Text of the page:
There are a number of options for hull cleaning; the most common is the use of diver-operated machines fitted with rotating brushes. With this methodology, it is very important that service providers choose the least aggressive cleaning brush that will effectively remove the fouling to avoid excessive anti-foul paint wear.
Other options emerging on to the market include the use of diver-less Remote Operated Hull Cleaning Vehicles (ROHCVs). This can be performed either at anchor or at berth – the ROHCVs only require 1m between the hull and quayside to operate.
One such provider of ROHCVs, CleanHull AS based in Norway, which uses a patented high-pressure water cleaning technology, give typical costs of between $15,000 and $30,000 per cleaning dependant on vessel size. This is for a partial hull cleaning (vertical sides and 2m of flat bottom), which the company claims has helped customers to report between a 5 and 12% increase in fuel efficiency post-cleaning.
Other emerging hull cleaning technologies include the Hull Surface Treatment system developed in Australia by Commercial Diving Services Pty Ltd. This system uses a containment device attached to the hull that pumps out hot salt water which is said to kill the foul-creating marine organisms; these then wash off under normal operating conditions.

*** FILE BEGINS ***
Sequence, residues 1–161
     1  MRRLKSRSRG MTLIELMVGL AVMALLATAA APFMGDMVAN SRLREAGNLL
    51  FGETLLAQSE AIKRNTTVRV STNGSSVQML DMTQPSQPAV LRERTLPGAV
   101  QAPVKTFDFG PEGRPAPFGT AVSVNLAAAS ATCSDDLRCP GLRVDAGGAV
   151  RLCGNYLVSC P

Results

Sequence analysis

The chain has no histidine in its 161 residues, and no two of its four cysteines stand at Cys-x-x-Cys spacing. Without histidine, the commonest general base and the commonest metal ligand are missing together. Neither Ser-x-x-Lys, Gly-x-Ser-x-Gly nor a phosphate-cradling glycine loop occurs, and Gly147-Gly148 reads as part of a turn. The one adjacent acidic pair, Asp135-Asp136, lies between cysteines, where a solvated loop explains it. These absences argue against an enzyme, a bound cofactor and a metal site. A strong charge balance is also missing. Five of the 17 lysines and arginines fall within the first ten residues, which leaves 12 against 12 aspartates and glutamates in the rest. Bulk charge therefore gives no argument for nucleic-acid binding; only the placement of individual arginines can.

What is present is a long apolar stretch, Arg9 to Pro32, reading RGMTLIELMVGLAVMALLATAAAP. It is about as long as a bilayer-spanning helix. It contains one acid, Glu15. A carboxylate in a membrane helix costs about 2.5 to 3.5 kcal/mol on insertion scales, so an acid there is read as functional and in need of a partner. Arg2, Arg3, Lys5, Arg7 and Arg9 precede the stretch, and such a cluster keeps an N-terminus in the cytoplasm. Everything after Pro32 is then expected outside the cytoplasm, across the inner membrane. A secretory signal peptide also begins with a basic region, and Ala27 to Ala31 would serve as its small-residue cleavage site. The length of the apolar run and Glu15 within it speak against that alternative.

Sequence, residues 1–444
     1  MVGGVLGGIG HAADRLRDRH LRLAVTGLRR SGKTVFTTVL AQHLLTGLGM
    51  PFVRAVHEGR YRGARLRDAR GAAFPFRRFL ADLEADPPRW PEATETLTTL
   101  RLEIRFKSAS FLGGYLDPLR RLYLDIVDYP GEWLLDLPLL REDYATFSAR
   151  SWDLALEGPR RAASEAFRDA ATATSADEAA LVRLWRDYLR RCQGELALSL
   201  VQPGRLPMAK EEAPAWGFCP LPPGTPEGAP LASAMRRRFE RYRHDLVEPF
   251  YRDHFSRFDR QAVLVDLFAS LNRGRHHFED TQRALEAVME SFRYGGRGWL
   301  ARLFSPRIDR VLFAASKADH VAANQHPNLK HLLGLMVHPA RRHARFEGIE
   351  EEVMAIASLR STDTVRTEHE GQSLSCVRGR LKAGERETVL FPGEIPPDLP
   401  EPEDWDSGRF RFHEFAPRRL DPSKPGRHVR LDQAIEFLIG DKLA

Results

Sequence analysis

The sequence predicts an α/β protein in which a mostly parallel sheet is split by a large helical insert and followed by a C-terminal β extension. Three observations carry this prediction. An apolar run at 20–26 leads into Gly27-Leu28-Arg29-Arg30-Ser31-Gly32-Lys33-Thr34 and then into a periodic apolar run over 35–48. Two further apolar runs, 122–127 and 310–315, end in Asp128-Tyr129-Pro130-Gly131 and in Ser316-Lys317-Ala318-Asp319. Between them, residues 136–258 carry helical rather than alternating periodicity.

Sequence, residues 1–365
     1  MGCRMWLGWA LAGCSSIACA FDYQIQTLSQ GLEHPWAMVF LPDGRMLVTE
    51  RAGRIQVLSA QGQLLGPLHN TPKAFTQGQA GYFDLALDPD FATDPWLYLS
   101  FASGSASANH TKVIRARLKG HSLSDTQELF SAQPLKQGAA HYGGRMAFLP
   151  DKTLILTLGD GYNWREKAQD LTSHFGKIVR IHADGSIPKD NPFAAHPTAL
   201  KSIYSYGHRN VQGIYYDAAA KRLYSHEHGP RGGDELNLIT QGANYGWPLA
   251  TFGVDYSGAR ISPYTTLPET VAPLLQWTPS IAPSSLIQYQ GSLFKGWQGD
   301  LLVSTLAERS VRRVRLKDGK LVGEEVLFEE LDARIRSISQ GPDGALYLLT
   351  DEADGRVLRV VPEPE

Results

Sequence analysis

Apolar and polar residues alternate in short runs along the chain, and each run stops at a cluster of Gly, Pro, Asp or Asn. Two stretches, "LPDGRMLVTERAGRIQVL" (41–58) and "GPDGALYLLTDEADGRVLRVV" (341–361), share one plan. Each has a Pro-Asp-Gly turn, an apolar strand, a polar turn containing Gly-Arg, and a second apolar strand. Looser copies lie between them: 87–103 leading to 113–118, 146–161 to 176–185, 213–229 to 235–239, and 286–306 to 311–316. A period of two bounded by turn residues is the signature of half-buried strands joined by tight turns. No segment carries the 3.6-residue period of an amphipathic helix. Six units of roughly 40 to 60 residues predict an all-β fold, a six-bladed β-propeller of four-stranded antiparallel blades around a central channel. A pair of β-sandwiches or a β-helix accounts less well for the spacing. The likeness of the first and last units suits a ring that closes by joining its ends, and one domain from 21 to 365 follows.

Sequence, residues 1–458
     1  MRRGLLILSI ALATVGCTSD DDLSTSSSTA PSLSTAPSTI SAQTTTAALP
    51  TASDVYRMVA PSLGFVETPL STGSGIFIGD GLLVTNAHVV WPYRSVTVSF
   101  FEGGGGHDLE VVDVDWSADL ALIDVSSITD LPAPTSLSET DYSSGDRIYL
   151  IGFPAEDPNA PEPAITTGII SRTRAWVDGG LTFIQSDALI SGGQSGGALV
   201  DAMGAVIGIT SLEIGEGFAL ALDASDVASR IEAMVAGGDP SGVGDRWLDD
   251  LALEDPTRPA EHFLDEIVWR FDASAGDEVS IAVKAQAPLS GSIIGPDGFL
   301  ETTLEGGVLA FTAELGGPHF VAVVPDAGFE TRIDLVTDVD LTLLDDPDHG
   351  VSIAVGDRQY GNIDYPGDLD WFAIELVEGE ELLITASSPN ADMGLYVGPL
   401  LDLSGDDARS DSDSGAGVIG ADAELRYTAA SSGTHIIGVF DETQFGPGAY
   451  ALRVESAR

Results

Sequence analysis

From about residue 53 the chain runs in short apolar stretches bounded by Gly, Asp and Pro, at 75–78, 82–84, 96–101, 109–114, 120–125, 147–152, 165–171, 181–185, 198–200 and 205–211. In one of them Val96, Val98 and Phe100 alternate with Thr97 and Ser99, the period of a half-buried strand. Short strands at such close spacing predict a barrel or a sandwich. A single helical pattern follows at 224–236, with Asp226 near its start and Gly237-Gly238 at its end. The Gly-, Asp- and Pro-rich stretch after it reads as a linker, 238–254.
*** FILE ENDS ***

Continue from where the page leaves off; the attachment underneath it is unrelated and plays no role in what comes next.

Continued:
Rudders and propellers, intrinsically more complex structures, require divers to carry out the service. Typical costs are in the range of $6,000-12,000 per polishing.
The frequency of underwater hull cleaning is dependent on the performance of the anti-foul paint. The performance of such paints and the fouling rate can be affected by many factors including time in operation, season of the year, and the geographical region of vessel operations.
In order to assist with assessing the scale of propeller and hull malfunction, a host of monitoring systems exist, which can offer advanced and computerised performance analysis of an entire ship’s operational and mechanical framework. Many of these energy monitoring systems compartmentalise a vessel’s performance into separate segments, including condition based monitoring of the hull and propeller.